In Hrishikesh Mukherjee’s gentle comedies––Chupke Chupke, Golmaal, Khubsoorat––there is absolutely no engagement with the system. He is putting human nature itself under the microscope and examining its potential for goodness and ability to transform. Comparing Hirani’s cinema to Mukherjee’s unpretentious idealism is a mistake because Hirani isn’t telling us stories about endearing families. He is talking about the endemic problems of a society that have become too overwhelming to cope with on a daily basis.
Yes, humour is a good way of deflecting the tension. And in that, Lage Raho Munnabhai succeeds by blending well-meaning idealism with comedy and offering a ray of hope in dark times. It’s far-fetched to think that any one of us has the capacity to live the Gandhian way (unless there’s a ‘chemical imbalance’), but the film suggests that if at all we ever felt the need to strain our conscience a little, we already know the right thing to do.
However Hirani glosses over the fact that Munnabhai is a goon and before he embraced Gandhian values, has been a public nuisance and threatened, coerced, lied and cheated in far more harmful ways than the cutesy deception of inherently good-natured (even though affluent) but eccentric old men and women in Mukherjee’s cinema. The Munnabhai films ignore the problematic aspects of the protagonist’s personality––and deny the consequences of his past misdeeds.
3 Idiots denies Rancho a personality at all, reducing him to a Messiah who came from nowhere and changed the world (which the “Kahan se aaya tha woh” song reinforces). And worse, it ignores his lying (by assuming someone else’s identity) and merely shows that an exceptional (read unreal) hero can top and topple a faulty education system. But how purposefully does the film engage with the real crises of education and parenting and search for identity? If only it were enough to pat your chest and keep intoning "All izz well"!
Now to Neeraj Pandey’s films, both of which, have things in common. In A Wednesday, a disgruntled old man, frustrated with systemic apathy decides to take matters into his own hands and claims he has planted bombs at the police headquarters and various other places around the city. He truly is a symbol and hence the writer-director doesn’t even give him a name or any sense of personality beyond the invisible presence of a wife who worries about his general well-being and nags him about buying vegetables.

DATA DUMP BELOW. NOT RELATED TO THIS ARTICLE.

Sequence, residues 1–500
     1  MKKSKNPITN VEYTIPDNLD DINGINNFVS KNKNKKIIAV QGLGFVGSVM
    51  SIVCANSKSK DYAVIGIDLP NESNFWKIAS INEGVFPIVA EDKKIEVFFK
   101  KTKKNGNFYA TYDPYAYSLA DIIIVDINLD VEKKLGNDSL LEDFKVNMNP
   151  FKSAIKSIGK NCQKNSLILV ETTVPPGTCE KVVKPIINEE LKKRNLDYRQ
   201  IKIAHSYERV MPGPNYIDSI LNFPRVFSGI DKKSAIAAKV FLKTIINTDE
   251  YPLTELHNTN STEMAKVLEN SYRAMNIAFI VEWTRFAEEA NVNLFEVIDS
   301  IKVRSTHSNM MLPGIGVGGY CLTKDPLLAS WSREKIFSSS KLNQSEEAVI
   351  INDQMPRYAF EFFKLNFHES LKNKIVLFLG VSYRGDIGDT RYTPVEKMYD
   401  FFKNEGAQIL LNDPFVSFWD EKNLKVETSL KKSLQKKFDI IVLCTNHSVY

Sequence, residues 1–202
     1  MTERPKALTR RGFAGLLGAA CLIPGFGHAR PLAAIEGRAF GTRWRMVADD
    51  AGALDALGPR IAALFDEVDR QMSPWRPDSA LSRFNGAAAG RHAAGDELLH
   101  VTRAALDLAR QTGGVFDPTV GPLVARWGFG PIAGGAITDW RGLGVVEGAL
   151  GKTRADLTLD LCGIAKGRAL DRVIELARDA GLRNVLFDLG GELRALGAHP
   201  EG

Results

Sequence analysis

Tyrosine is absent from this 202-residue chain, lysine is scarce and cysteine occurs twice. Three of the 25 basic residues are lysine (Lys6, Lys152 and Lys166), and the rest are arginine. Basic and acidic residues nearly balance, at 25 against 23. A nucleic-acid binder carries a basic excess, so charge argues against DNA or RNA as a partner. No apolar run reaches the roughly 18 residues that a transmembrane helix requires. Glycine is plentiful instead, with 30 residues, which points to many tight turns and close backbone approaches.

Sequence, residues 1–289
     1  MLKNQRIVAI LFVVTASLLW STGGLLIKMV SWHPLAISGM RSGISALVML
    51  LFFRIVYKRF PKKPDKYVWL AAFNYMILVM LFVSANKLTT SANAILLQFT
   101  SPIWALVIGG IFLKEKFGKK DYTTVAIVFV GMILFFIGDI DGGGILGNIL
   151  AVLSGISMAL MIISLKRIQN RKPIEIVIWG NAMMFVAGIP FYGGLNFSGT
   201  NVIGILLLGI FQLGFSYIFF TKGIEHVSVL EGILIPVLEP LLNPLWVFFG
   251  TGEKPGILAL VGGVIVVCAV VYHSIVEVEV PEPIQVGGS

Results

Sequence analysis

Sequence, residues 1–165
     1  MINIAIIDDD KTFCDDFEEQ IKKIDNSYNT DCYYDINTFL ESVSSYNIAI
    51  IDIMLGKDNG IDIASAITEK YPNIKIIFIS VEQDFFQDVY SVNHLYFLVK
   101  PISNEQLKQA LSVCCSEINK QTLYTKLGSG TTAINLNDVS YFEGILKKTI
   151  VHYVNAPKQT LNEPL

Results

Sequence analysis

Perched on top of a construction site with a bird’s eye view of the city (making us connect immediately with the emotive timbre of the film, if not the protagonist) and equipped with a few mobile phones and a computer, this lone ranger holds the entire police force to ransom, coercing them to take him seriously and follow his instructions rather than bowing meekly before their ineffectual politician bosses. The film articulates this point very well––that the state machinery, which was meant to protect and serve the common man has been hijacked by selfish and powerful people, and unless they are shocked out of complacency there can be no change.
But good intentions alone don’t a good film make. For instance, Pandey neglects to tell us how this ordinary old man went about hatching such a large-scale conspiracy. Anger may well drive us to say in times of despair, “We should grab a gun and shoot these politicians.” The dangerous import of that statement notwithstanding, let’s assume one of us actually decided to do such a thing. How exactly could we have gone about it? Do we have the means or the access to take on the might of the system for immediate retribution? Assuming that we even managed to plot such a conspiracy, would we get away unscathed in the end like the old man does, walking from the scene of crime (after killing three men charged with terrorism and awaiting trial) while the police commissioner looks on with unreserved admiration?